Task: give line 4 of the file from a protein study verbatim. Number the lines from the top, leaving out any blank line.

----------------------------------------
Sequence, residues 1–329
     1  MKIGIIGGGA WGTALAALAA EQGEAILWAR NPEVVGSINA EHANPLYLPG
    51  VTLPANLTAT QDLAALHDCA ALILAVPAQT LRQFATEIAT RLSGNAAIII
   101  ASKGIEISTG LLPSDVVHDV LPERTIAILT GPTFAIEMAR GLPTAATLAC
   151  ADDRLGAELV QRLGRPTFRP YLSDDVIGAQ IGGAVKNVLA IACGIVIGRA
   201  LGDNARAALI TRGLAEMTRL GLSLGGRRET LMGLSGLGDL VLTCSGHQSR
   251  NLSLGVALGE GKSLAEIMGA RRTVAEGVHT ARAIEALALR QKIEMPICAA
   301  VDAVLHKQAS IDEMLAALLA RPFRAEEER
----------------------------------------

   101  ASKGIEISTG LLPSDVVHDV LPERTIAILT GPTFAIEMAR GLPTAATLAC